A while ago, I received four Dark Tales graphic novels that I couldn’t wait to start to read. They were all classic stories re-told with beautiful imagery. I was in awe of the beautiful covers when they arrived, as you can tell by my first article, and I loved reading them from cover to cover. They were sent to me for review on Fuzzable, so here’s the final one, which is Dark Tales: The Snow Queen: A Graphic Novel by Hans Christian Andersen and illustrated by Emilie Majarian. I previously reviewed Dark Tales: Beauty And The Beast: A Modern Retelling by Jeanne-Marie Leprince and illustrated by Pete Katz, Dark Tales: The Hound Of The Baskervilles: A Graphic Novel by Sir Arthur Conan Doyle and illustrated by Dave Shephard, and Dark Tales: The Call Of Cthulhu: A Graphic Novel by H. P. Lovecraft and illustrated by Dave Shephard.
If you have read the above reviews you’ll probably willing to hit me right now since I have never read or seen Beauty and the Beast, I’ve never read or watched Sherlock Holmes, and I’ve never heard of Cthulhu before reading that book, and I hear your cry of how I must’ve read and/or seen The Snow Queen but you’d be wrong; so, once again, these Dark Tales have introduced me to another new story, one of which I am interested in knowing more about so I will probably find the original story and read it at some point in the future.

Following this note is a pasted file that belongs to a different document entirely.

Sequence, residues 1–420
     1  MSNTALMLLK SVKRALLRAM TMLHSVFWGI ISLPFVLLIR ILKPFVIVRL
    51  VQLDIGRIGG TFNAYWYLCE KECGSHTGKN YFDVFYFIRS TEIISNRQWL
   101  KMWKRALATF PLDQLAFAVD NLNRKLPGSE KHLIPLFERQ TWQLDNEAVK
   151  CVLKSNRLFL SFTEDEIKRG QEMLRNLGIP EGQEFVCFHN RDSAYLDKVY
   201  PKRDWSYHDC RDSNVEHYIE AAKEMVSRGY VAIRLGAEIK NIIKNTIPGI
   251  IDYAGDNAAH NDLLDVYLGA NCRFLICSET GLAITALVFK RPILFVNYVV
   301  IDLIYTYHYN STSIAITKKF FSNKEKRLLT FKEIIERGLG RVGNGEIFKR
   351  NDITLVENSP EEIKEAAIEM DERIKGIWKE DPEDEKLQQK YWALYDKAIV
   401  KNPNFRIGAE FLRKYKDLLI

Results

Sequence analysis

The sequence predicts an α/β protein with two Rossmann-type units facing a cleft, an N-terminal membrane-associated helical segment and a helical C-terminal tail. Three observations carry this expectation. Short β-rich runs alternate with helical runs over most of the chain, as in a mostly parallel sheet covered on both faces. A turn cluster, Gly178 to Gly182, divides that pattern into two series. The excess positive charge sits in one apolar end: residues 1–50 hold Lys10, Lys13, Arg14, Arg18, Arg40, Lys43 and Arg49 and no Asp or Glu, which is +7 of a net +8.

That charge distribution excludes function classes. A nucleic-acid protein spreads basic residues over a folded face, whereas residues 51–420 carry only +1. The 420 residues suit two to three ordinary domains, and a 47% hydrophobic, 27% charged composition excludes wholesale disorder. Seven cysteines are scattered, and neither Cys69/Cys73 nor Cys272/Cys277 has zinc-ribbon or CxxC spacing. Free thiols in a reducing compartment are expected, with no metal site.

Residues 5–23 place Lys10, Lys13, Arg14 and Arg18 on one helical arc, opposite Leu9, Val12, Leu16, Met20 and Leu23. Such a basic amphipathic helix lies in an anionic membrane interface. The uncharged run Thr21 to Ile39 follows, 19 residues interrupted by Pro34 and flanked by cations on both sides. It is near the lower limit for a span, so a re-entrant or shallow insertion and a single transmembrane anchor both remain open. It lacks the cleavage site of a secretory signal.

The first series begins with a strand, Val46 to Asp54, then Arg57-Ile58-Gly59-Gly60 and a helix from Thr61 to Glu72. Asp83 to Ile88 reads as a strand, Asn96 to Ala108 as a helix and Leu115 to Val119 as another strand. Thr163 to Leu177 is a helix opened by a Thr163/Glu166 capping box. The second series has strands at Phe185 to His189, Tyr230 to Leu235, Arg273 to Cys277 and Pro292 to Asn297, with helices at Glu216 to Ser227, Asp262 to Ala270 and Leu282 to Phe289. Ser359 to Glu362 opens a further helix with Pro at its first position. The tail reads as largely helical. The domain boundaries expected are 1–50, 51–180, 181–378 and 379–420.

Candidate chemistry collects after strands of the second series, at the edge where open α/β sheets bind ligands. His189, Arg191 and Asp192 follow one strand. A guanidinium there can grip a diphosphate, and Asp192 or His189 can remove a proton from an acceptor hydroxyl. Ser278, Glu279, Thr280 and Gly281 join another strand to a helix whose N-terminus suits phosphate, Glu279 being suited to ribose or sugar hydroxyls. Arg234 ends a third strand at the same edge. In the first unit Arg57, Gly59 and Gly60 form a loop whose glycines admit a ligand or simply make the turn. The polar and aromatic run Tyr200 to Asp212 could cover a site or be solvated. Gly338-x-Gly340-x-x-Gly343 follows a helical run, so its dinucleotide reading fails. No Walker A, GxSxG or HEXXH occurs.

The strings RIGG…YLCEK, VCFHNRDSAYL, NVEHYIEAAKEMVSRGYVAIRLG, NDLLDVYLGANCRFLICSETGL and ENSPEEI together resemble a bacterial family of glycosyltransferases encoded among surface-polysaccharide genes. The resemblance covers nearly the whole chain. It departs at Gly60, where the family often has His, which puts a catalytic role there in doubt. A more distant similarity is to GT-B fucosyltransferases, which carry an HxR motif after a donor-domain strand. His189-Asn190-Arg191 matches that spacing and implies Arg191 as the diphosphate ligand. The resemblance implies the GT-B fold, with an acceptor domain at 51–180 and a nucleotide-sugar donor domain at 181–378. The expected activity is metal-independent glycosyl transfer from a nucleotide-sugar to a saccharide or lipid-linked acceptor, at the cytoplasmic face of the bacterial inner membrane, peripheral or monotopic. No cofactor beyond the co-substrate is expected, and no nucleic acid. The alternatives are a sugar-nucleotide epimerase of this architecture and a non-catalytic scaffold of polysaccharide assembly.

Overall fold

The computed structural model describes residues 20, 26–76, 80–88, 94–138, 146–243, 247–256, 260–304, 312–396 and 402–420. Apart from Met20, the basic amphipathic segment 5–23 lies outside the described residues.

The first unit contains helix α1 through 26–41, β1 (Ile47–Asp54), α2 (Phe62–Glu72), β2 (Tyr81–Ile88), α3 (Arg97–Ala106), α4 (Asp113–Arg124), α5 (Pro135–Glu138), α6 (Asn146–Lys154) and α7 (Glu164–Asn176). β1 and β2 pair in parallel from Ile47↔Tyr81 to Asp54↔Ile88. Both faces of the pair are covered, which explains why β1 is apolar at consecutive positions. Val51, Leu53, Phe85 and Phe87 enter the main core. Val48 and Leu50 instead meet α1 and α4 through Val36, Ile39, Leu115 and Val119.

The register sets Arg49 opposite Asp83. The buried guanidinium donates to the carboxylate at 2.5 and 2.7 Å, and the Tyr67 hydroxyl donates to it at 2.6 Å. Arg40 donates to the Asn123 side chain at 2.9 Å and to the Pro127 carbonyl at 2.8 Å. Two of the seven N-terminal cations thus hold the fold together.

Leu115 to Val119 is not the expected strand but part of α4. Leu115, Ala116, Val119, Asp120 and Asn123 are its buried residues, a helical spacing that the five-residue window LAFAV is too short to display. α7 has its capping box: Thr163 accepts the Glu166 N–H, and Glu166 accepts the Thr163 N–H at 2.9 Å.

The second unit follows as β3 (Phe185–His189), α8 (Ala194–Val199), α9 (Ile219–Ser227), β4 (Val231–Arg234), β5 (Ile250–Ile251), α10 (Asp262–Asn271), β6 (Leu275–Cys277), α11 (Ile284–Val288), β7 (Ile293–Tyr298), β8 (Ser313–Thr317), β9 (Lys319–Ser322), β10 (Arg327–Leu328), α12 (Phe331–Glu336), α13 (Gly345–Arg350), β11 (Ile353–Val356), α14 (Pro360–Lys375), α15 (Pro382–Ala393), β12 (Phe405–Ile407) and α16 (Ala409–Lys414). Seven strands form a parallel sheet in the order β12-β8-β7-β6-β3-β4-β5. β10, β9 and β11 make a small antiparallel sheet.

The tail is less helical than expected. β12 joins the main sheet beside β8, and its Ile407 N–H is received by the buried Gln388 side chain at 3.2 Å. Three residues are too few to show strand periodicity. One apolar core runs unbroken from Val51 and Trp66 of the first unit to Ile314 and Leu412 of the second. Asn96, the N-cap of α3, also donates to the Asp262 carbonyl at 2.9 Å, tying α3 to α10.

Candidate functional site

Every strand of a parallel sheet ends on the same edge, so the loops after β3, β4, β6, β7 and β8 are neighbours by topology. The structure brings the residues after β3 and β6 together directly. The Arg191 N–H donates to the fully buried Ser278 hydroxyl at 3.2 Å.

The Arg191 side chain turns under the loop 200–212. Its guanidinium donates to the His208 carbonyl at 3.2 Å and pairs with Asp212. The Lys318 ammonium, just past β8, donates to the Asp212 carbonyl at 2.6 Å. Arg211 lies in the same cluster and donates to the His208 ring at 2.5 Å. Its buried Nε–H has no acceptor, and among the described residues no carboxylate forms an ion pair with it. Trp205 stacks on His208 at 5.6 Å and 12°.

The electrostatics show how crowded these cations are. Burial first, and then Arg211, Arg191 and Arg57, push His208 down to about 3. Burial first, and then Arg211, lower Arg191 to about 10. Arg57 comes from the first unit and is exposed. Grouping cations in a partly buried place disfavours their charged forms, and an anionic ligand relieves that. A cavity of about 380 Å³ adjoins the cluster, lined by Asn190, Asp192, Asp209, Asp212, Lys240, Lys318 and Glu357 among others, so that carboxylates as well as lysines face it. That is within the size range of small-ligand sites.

The cover definitely drew me into this story and the beautiful illustrations from Emilie Majarian are incredible. It’s a different art style to Dave Shephard and Pete Katz, which makes it stand out even more. It also has a haunting twist to it that totally goes well with the story itself.
The story opens up with Gerda and Kay showing their friendship, but later Kay is stolen away by the Snow Queen. No one knows where he’s gone and it’s up to Gerda to go on a terrifying quest to rescue him and defeat the Snow Queen.
The quest brings in many characters and keeps the reader on the edge of their seat as they continue to read on and on. The beautiful imagery entertains throughout and definitely, makes us wish the story was longer and more in-depth so that we could explore the trials of the quest – regardless, it runs at a brilliant pace and wraps it all up nicely as the ending nears, but be aware of the chill that the Snow Queen will bring.
Dark Tales: The Snow Queen by Hans Christian Andersen and illustrated by Emilie Majarian, was released on 22 March 2018. It is available to buy online and you can find out more information on the official Canterbury Classics website. We can’t recommend this enough.
Check out for our reviews of the three accompany Dark Tales novels that were also released at the same time, here on Fuzzable. These Canterbury Classics are “Beauty And The Beast” by Jeanne-Marie Leprince and illustrated by Pete Katz, “The Hound Of The Baskervilles” by Sir Arthur Conan Doyle and illustrated by Dave Shephard, and “The Call Of Cthulhu” by H. P. Lovecraft and illustrated by Dave Shephard.